However, none of these studies focuses on the impact of IT systems on value creation for a company. The lack of existing studies concerning this topic stresses the need to investigate the subject even deeper. IS in a SC may bring a number of benefits to enterprises, which can be even higher when increasing the willingness to share it, and the accuracy of information quality.

The purpose of this study is to investigate and overview the effectiveness of IT in a SC in order to increase the value for a firm and efficiency in a manufacturing sector. It shall be analyzed how the implementation of a new information system can support value creation. However, before analyzing how IT impacts VC processes, it shall be identified, whether there actual is an impact. In addition. The aspect of how IS involved in the process of integrating new IT will be considered. Possible challenges and risks will determine an important issue as well. These steps will be supported by a single narrative case study, namely the Danish company LINAK A/S, which operates in the manufacturing sector and which aims to increase the company’s value by implementing a new IT system. The company’s VC processes will be identified with regard to a VC analysis in order to detect possible relations between technology and value activities. These relations shall identify, whether there are linkages between technology and the process of value creation.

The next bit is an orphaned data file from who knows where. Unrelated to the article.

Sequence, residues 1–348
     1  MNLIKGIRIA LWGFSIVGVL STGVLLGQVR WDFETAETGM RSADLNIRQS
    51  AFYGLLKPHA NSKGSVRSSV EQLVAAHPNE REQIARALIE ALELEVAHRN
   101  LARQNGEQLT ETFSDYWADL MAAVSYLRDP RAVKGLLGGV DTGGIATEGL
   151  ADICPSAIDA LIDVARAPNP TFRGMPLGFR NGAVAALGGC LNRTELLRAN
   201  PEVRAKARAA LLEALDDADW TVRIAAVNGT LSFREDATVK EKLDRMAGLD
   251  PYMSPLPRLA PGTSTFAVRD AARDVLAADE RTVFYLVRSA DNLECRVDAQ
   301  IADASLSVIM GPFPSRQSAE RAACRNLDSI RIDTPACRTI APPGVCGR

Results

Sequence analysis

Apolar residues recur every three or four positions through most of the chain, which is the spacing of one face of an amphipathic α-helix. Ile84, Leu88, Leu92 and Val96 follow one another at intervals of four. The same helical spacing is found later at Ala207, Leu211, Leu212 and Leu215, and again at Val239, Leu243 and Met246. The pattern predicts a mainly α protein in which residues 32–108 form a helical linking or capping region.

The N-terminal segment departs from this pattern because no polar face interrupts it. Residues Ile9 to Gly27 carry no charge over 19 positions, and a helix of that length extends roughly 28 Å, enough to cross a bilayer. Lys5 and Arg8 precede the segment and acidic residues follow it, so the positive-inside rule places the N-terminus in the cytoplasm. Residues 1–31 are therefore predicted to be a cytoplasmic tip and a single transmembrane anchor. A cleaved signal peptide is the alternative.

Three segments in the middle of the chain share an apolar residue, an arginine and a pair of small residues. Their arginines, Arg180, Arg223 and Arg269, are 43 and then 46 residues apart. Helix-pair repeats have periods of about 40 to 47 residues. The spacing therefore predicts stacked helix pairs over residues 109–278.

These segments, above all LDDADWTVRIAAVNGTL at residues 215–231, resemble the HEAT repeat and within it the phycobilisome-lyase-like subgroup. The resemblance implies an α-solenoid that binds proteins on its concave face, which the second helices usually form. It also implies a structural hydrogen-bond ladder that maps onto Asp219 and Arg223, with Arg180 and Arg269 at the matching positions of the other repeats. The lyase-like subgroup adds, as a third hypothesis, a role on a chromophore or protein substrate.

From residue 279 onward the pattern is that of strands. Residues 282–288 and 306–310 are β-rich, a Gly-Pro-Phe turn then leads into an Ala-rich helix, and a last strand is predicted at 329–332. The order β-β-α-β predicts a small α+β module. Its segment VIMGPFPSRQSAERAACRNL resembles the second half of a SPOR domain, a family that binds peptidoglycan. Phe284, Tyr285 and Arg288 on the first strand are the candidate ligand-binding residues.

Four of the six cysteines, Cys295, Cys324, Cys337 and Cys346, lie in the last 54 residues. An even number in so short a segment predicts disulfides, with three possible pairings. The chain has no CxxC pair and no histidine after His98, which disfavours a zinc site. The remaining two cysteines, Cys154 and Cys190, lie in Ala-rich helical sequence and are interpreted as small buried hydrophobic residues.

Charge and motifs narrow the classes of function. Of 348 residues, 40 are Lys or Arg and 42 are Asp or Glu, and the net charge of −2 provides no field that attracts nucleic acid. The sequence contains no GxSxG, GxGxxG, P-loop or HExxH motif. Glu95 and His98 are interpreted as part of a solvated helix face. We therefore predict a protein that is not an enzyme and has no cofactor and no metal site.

1.1 Purpose and research questions

On behalf of the foregoing introduction, the need to analyze the impact of IT on value creation has been stressed out. IT systems seem as being an essential determinant when it comes to increases in performance, either SC or firm performance. The assumption is that introducing information systems to the daily business processes, can foster value for an organization, due to a correlation between IT and certain VC activities of the firm. The Danish manufacturing company LINAK A/S wants to integrate a new IT system in order to improve its VC processes and IS, and to enhance the communication with its SC partners. The firm aims to decrease costs and to foster SC integration, and with that creating value for the organization and its customers.